The Council for Scientific and Industrial Research (CSIR) is living up to one of its objectives of becoming a leader in conducting scientific and technological research projects that are geared to assist the country to achieve some of its key socio-economic priorities.
One of its overarching mandates is to develop local skills and research capacity with a view to creating opportunities for the number of the unemployed youth in the country. This means investing in technology that can be scaled up and can be widely applied in a range of critical science fields such as engineering, meteorology, biotechnology, astronomy, astrophysics and materials science.
Novel green technology
The research outfit has recently developed a novel technology that is capable of producing 100% biodegradable and easy to disintegrate plastic material. Called bioplastic, the technology enables single-use plastic products to breakdown easily within 180 days when they are disposed of at landfills. When combined with organic waste, bioplastic products can turn into compost within 90 days, leaving no toxic residues.
Explaining the technology further, CSIR senior researcher Dr Sudhakar Muniyasamy said: “Our bioplastic technology is based on the use of biopolymers and agricultural waste by-products such as starch, cellulose and glycerol. Through smart use of additives, we have created unique formulations to modify the properties through a melt-processing technique. This has resulted in pellets which can be blown into films for carrier bags, kitchen waste bags, mulch films and packaging films, as well as rigid cutlery products.”
Increase in demand for plastic use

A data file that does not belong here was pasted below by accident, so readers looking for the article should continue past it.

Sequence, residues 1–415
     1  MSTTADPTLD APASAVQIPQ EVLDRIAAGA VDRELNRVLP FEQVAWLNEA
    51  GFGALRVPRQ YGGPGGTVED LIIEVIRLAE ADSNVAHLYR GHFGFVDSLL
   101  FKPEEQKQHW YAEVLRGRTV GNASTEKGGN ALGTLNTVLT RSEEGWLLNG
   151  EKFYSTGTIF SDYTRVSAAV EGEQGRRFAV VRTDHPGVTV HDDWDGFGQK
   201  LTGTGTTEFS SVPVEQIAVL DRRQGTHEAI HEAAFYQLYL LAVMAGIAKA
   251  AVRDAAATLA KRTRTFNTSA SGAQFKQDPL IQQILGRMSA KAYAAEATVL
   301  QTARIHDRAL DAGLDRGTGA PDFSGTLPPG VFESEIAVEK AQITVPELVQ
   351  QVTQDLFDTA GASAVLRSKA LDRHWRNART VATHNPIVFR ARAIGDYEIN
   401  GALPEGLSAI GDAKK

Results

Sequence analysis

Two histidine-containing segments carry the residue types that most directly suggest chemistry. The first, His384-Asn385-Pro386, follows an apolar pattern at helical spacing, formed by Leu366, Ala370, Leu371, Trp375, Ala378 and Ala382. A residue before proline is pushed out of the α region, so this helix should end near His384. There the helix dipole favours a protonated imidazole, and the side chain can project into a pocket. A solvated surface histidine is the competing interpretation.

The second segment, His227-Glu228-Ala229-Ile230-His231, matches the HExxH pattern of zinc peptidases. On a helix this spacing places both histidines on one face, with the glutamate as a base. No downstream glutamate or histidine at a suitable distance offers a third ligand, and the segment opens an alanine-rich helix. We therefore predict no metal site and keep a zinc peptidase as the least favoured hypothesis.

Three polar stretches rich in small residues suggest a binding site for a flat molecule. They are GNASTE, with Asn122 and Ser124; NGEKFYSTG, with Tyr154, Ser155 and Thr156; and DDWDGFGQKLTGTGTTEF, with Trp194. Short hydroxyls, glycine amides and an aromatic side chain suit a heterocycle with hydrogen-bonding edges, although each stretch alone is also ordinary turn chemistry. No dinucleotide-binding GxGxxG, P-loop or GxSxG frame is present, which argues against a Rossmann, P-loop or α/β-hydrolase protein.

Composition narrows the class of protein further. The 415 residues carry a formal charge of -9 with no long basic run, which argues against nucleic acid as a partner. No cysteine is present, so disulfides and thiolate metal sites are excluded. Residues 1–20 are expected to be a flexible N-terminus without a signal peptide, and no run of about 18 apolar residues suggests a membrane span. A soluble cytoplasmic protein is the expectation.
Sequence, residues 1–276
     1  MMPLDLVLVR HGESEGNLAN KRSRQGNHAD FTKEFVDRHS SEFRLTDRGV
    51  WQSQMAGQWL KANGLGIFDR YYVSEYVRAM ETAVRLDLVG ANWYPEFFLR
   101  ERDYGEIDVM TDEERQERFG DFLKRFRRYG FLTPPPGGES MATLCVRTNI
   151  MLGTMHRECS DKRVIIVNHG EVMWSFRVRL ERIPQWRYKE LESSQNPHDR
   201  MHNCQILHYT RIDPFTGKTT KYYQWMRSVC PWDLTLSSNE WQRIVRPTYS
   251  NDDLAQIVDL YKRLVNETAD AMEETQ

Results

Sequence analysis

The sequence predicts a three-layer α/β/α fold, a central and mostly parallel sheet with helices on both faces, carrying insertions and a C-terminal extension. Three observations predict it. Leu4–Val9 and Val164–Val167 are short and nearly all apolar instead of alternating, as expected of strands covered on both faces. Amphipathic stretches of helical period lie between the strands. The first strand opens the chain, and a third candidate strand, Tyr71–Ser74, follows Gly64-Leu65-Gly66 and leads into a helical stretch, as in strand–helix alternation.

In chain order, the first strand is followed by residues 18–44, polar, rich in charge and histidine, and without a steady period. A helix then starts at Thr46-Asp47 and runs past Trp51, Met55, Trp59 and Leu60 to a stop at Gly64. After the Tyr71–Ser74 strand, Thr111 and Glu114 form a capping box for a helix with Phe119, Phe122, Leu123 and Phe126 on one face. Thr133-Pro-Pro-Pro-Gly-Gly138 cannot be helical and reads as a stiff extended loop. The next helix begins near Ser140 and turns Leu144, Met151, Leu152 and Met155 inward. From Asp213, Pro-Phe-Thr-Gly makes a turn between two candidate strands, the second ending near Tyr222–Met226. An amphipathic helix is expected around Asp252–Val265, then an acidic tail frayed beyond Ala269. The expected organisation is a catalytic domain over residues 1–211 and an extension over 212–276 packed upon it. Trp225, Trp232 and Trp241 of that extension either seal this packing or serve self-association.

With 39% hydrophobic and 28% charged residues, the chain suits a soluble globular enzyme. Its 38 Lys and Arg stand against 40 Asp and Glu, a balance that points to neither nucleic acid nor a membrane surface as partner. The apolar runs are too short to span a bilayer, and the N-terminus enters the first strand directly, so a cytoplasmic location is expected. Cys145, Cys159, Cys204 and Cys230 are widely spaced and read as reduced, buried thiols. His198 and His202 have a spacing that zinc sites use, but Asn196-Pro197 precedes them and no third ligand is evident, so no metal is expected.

According to the data from The Two Oceans Aquarium, one of the entities involved in raising awareness about plastic pollution, there are as many as 51 trillion pieces of microplastic. It says the situation is likely to get worse given the dramatic increase for plastic with more than 300 million tonnes of plastic being produced globally annually. Furthermore, only 14% of plastic produced is recycled while the remaining 86% end up either in the ocean, environment or landfills.
“What we see floating at the surface is just 5% of the plastic pollution in the ocean – the other 95% lurks below the surface, according to Ocean Conservancy. This plastic will remain in the ocean for hundreds, or thousands of years. It does not rot, it does not go away,” the aquarium warned.
According to Muniyasamy, bioplastics are a relatively new field within the South African plastics industry. As a result, landfills overflow with plastic bags and products from the household waste removal process. The CSIR’s bioplastic is made from plant-based materials to ensure that the disposed plastic waste in landfills is transformed from the biobased polymer into organic fertiliser. The development is a significant milestone for the CSIR in working towards environmental sustainability and a green economy for South Africa.
Green packing methods
The technology can help those players in the agricultural, medical and hospitality industries who are looking for green methods of packaging. In this market, approximately 90% of packaging products are typically produced from petroleum-based chemicals which are often disposed of in natural environments after single or short-term use.
Added Muniyasamy: “Our technology has been validated at an industrial manufacturing facility, and the pilot scale-testing for the production of the pellets and industrial-scale conversion process has been done for a specific product line.”
As part of the commercialisation process, said Muniyasamy, the CSIR is now working towards licensing the technology.